On Tuesday, October 22nd, 2013, representatives from the California Valley Miwok Tribe were in attendance today at the public auction held at 222 E. Weber Avenue, Stockton California, to observe the bidding process and make any potential bidders aware of the various multiple issues that they would inherit if they wished to bid on the Tribal Property.

Even though confident no one would want the tribal property with all of its current issues emotions ran high as the California Valley Miwok Tribe braced itself for whatever the outcome may be from the bidding process at the public auction. It’s bad enough that we have no choice but to continue to do our jobs and duties, even though we don’t get paid, but each and every day we remind ourselves that being a Tribe is not a job, it’s about who we are as Indian People. In order to survive these past years without tribal funds, we’ve had to look deeper inside to find that little bit of strength that no one knows he or she has until the time comes that one has to hang on no matter what. Again, we know that you don’t stop being a tribe just because you don’t have any money. Wages or no wages, the jobs must be done and the Tribe has to continue being a Tribe. For the longest time, Tribal members had mixed feeling of anger because we felt alone, abandoned and forgotten. This whole experience has opened our eyes to a more caring world. We have come to realize that we have people who care; even people around the world have expressed concern.

Though there were no bidders today on the Tribal Property, the Tribe is still fearful (and with good reason) that the Bank will now initiate the process that concludes with serving an eviction notice, as they had done previously in 2009. Until the Tribe’s revenue sharing trust fund money is released, the Tribe cannot have any sense of security. Every day we have to face the fact that today could be the day we are forced to go into a lockdown mode and secure the property. It is a very miserable existence to have to live each and every day with the threat of being thrown into the streets. We shall remain focused on retaining the Tribal Property and going after the Revenue Sharing Trust Fund money that has been owed to the Tribe yearly since 2005. Until our issue is resolved the tribe shall remain vigilant in trying to reach an amicable resolution of this matter with all parties involved, but will also protect the health, safety and welfare of its tribal members in defense of the only homeland left to it.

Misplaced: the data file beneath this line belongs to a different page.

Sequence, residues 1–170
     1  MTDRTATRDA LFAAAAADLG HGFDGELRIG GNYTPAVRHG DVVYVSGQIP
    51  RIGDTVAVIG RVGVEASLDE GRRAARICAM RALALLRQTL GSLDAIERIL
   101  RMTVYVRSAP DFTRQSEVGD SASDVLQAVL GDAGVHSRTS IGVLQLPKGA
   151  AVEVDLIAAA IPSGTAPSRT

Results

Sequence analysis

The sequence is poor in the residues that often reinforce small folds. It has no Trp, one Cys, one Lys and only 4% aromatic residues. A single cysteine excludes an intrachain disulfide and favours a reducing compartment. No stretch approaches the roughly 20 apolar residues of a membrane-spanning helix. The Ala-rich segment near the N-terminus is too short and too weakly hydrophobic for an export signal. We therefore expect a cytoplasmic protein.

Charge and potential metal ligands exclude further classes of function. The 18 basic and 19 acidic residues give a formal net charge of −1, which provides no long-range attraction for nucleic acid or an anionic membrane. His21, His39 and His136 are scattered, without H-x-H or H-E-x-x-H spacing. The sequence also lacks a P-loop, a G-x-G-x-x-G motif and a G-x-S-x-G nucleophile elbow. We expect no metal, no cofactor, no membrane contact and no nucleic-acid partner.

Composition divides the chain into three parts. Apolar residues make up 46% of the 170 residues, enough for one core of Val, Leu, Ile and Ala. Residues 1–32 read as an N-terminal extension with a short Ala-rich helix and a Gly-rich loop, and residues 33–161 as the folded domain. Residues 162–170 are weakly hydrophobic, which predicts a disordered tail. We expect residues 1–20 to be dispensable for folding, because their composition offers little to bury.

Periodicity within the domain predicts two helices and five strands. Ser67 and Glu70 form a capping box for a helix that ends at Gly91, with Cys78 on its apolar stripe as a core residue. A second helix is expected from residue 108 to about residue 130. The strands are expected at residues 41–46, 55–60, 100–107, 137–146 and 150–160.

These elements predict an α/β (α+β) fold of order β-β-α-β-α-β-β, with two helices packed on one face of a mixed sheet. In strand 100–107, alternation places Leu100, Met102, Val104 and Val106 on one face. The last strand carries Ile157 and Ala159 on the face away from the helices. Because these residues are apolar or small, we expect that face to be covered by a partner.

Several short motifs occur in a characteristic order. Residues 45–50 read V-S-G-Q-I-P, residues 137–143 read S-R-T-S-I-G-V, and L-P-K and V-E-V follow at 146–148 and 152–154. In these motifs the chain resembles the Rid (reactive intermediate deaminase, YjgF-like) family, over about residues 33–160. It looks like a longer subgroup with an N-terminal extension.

At this time the tribe would like to thank investigative reporter Tim Daly of NEWS10 ABC, and its affiliates of the Gannett Company for their tireless dedication in bringing forth to the American public the plight of the California Valley Miwok Tribe.